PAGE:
They all hinted at an elevated social existence which could be obtained simply by living and working in these as-yet-unbuilt spaces. I wanted to capture the distinction between this utopian vision and the social reality, which remains out of public view.
I began to see these architectural impressions as taking on the role of advertising billboards and I wanted this to be the main concept in the series. After a few test shots, I discovered that by shooting the project in square format the hoardings and billboards lend themselves to the geometric continuity throughout. I also made slight tweaks to the alignments during post-production to enhance this which allowed me to be a bit more playful with the background and foreground subjects.
I’ve been pretty amazed at the feedback from this series: winning the 2009 New York Photo Festival Fine Art category, an AOP award, shortlisted for the IPAs as well as being invited to exhibit the series at the Photographers’ Gallery has all been a great start.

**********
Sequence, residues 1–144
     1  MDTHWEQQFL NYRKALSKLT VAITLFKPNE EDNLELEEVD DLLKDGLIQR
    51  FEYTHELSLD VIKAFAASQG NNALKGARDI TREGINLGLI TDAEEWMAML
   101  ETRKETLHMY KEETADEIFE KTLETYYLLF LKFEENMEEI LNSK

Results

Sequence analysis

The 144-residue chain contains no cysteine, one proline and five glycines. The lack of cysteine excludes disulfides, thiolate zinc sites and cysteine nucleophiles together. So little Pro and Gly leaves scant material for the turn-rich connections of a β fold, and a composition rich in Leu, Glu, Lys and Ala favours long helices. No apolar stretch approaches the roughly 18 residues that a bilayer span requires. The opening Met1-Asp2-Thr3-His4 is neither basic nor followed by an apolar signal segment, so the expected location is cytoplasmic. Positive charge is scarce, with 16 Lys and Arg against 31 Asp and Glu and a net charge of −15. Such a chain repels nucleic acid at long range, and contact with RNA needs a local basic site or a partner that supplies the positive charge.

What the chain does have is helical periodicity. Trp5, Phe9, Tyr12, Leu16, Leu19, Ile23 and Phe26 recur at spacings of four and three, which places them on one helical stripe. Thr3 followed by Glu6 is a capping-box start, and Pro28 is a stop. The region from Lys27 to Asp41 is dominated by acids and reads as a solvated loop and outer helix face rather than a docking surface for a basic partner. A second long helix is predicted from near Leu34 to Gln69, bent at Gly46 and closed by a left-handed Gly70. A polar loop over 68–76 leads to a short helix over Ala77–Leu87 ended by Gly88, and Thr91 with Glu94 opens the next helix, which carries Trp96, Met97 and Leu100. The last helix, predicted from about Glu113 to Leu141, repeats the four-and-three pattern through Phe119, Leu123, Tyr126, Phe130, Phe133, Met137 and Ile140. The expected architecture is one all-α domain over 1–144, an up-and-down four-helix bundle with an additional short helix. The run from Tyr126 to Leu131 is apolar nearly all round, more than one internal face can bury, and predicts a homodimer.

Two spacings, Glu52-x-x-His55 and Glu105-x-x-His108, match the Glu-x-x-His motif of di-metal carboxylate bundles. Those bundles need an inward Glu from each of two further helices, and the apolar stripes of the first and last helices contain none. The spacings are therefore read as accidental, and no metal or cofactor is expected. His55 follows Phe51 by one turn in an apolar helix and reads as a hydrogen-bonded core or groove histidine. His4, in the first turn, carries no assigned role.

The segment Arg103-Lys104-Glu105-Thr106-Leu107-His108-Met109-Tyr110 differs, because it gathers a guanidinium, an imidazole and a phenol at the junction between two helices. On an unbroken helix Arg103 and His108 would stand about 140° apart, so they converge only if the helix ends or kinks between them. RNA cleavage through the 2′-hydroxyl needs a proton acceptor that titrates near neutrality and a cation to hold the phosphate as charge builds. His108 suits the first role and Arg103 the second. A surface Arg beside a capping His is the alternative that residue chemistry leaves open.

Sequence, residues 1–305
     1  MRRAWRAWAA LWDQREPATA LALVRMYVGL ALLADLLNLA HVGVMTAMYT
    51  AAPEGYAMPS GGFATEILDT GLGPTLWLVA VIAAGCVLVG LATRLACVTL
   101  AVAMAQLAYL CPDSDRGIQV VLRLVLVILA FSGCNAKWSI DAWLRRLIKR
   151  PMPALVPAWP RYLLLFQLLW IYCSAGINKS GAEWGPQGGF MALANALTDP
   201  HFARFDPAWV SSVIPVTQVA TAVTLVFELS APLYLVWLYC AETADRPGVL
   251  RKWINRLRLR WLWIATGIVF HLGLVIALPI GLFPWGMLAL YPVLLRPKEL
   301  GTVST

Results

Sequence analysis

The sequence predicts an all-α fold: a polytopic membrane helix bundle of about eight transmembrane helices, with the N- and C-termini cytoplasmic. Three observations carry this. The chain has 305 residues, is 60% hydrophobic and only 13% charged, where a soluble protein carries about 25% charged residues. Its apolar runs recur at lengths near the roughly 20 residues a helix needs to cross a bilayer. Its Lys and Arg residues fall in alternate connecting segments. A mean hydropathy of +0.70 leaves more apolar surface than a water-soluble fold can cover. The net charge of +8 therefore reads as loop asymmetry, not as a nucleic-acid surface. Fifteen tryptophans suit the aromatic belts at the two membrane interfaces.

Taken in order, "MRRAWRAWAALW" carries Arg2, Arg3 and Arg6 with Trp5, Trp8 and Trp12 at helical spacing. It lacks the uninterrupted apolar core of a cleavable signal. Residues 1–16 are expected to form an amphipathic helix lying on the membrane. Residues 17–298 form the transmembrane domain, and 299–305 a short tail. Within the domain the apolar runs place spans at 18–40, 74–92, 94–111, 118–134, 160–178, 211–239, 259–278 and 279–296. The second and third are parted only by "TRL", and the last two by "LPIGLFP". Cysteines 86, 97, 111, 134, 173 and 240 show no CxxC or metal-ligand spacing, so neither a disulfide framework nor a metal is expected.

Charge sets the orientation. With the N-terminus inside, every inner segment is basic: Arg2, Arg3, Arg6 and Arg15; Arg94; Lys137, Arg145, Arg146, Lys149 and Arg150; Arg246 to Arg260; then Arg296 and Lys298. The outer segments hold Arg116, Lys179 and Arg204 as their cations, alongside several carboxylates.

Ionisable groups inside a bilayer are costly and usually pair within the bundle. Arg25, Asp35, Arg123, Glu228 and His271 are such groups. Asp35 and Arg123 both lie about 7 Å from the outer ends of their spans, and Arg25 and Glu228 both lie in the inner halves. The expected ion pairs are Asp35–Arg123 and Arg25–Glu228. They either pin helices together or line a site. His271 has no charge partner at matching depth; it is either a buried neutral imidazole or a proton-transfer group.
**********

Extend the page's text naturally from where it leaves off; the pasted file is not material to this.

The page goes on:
Born in Edinburgh, Michael Whelan moved to London aged 16. Following an interest in technical drawing, he started a career in cartography but, after taking his dad’s old camera to gigs, photography took over.
Since graduating with a first from his BA Photography (hons) at the University of East London, Whelan has won several awards including the Fine Art Single category at the 2009 New York Photo Awards and being voted the AOP’s 2009 Assistant Photographer of the Year.